In addition to this you may be provided with details of the services Accenture offer, details of the
family business's accounts and other important facts. All of this information is there to help you make
your recommendations. Sometimes there is no right or wrong answer to the case study. The recruiter
is instead looking at how you came to your decision and can you justify your actions.

Be prepared to answer difficult questions from the employer as they test how you handle pressure
and your ability to communicate information. For example you may be asked if you think that the idea
you have given or solution you came to is the correct one. This question does not mean that you have
given the incorrect solution. The employer is instead testing to see if you are easily influenced by
others or do you stick to your guns and argue your case constructively. If you believe that your
decision is correct then stick by it. But be prepared to back up your decision with facts drawn from the
material you were given. More often than not there is no right or wrong answer, the employer simply
wants you to justify confidently what you are saying.

Case Study Video: https://www.dropbox.com/s/d95w78jqqr3hl67/Case%20Study.mp4

13

In-Tray and E-Tray exercises

In-tray and E-tray exercises are business simulation exercises where you play a member of staff who
has to deal with the tasks of a busy day. Some employers say that E-Tray exercises tend to be the
deal breaker between a candidate getting the job or not. You may be given a selection of letters,
emails and reports. These could be in paper or electronic format. They would be the kind of items
someone doing the role you have applied for could expect to find in their in-tray or email inbox.

Similarly to other assessment centre activities you will be given a specific timeframe in which to read
through all of the items and then decide on the action that needs to be taken and the priority that
should be allocated for each task. For some items you may be required to draft an email response or
summarise key points from a report.

Employers use this kind of exercise to assess how well suited you are to a particular role and see how
you cope in a pressurised environment.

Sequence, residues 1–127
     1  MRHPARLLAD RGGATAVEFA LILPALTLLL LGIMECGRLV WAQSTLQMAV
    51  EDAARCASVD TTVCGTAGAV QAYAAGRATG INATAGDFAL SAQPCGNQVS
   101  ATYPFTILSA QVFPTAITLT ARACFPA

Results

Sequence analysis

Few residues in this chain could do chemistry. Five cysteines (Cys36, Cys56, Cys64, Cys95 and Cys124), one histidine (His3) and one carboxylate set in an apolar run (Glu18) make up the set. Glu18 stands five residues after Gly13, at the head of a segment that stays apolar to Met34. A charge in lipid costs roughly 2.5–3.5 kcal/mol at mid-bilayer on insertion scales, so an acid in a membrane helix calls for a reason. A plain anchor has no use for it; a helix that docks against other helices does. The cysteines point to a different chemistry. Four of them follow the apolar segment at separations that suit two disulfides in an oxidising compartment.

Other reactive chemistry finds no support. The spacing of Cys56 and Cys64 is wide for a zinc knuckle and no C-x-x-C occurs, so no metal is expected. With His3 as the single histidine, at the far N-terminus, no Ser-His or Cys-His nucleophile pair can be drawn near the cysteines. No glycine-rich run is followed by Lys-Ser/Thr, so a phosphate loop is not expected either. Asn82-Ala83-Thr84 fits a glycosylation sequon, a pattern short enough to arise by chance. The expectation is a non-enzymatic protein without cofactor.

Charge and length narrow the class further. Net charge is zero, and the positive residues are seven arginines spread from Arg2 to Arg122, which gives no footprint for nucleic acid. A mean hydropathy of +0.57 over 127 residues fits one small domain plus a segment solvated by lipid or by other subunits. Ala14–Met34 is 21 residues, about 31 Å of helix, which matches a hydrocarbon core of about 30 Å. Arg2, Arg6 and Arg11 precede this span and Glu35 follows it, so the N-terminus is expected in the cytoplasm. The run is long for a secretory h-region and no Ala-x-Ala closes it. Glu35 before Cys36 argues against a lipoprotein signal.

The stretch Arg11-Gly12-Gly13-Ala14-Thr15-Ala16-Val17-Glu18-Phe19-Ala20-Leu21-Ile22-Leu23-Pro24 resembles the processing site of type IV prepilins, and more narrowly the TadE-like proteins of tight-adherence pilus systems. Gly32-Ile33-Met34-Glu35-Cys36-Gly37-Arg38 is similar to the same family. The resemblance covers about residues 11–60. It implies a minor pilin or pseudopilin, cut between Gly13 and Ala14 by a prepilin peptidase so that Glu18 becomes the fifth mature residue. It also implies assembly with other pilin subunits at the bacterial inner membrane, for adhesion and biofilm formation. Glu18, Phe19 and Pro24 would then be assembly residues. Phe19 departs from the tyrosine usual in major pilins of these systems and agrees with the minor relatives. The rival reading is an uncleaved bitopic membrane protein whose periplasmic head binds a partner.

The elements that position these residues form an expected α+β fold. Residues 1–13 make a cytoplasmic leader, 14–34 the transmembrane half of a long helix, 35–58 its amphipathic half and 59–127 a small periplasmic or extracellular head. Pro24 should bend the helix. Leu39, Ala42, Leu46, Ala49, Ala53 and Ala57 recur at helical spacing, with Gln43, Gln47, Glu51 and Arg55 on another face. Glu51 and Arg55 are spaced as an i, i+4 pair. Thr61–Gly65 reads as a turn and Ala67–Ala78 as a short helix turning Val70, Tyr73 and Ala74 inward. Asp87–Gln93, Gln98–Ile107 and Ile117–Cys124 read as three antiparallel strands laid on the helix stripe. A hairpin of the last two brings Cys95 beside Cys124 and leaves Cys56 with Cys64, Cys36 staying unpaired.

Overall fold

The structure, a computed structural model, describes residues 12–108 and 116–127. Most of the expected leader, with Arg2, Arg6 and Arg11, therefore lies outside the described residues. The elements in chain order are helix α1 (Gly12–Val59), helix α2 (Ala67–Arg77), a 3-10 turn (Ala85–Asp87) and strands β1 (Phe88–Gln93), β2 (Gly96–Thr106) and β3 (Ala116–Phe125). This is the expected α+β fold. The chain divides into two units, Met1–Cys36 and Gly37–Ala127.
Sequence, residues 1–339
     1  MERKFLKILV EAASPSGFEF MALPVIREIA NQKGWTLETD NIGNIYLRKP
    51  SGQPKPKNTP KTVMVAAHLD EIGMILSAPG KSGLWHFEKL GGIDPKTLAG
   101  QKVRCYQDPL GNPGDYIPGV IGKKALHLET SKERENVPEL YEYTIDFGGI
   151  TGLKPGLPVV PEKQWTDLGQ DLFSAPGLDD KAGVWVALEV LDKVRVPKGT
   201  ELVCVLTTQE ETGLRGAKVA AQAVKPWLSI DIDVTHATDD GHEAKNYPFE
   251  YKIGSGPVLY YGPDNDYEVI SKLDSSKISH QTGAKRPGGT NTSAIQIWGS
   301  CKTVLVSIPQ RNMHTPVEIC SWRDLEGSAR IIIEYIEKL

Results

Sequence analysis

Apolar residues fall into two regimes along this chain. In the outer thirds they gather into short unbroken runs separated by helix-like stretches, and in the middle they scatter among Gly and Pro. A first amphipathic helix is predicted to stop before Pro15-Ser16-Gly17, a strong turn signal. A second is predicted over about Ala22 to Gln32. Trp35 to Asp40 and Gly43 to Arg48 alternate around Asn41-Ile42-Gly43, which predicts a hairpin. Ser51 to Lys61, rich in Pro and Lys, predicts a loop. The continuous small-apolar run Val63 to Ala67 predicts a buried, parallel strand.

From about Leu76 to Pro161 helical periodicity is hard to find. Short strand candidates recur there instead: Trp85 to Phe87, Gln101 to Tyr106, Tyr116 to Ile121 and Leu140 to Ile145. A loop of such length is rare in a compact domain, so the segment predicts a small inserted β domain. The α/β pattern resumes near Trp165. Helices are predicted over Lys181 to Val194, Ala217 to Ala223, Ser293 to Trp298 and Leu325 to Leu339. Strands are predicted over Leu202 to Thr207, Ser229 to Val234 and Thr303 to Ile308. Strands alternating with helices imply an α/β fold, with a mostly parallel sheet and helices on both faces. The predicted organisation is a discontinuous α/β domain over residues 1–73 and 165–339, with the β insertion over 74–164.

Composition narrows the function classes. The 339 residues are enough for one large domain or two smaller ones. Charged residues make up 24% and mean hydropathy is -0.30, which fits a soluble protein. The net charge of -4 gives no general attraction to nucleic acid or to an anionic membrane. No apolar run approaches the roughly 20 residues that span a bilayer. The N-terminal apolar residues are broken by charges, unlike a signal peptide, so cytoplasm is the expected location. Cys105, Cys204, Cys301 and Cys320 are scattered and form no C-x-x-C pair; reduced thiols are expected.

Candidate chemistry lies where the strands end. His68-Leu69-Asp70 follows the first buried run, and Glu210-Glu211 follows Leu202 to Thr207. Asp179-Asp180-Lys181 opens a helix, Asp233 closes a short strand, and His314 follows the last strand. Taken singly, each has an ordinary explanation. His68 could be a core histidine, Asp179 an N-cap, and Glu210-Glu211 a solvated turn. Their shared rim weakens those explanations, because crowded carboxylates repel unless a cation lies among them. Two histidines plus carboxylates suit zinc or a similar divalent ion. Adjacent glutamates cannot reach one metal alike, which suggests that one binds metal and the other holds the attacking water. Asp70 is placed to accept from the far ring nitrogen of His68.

Some common factors that you may find in this kind of exercise are:

It will probably start by describing the background scenario. Subject matter is usually
related to the job you are applying for.

There is a lot of work to get through caused by your return from holiday or having to cover
the work of an absent colleague.

Typically you will be given one to two hours to complete the tasks, which will consist of a
large number of items (perhaps 20 or more) to see how well you can handle several complex
tasks in a short period.

Some tasks may just require a yes or no answer. Other items may need a longer
response, such as drafting a reply to a customer complaint, writing a report, delegating tasks
to colleagues or recommending action to superiors. You may need to analyse information for
some items (calculating budgets or sales figures, using information provided). New items
may be added while the exercise is in progress.

As part of the exercise it's possible you might be asked to make a phone call to a
"customer", role played by one of the assessors.

At the end you may be debriefed by a selector and asked to discuss the decisions you
made and the reasons for these, or you might be asked to prepare a memo outlining your
priorities for action, or to make a short presentation.

14

Top tips for success

Read all the information you have been given carefully. It is important to do this first rather
than launching into questions as this way you will know where to find the information for all
the questions.

Follow any written instructions carefully as these will tell you what you are required to do.

You may find it beneficial to make a rough plan of what you will do.

Prioritise the tasks in terms of importance and urgency depending on how many tasks are
available as sometimes they come in just as quickly as you respond.

Identify key issues and what action needs to be taken. Be careful as some tasks may be
linked and your decision for one may impact on another.

Stay calm; you need to show you can cope with the pressure of this activity.

Sometimes there isnt a right or wrong answer but be prepared to justify your decisions.

If you are not given complete information you may have to make assumptions. If this is the
case make the assumptions realistic.

Make sure you monitor the time throughout.

Check dates on each item as this may assist in helping you prioritise.

Do items have deadlines? If needed, can you negotiate extra time with items?

How important is the item? For example a request to go for drinks on Friday night can be put
to the bottom of the pile but a health and safety issue will need more urgent attention.

Can the task or item be delegated to another person in the organisation?

Do other tasks have to be done first before other activities can be completed?

Can some tasks be done simultaneously and/or by the same person?

Are there conflicts between tasks?

To practice an E-Tray or In-tray exercise you can go to the following websites

http://mycareer.deloitte.com/uk/en/university/apply-now/selection-process/etray-exercise-andexamples

http://www.assessmentday.co.uk/in-tray-exercise.htm

N:\Careers\HANDOUTS AND RESOURCES - AEF\Non Occ 1 - 13\7 Recruitment


Process\Assessment Centres July 2014

15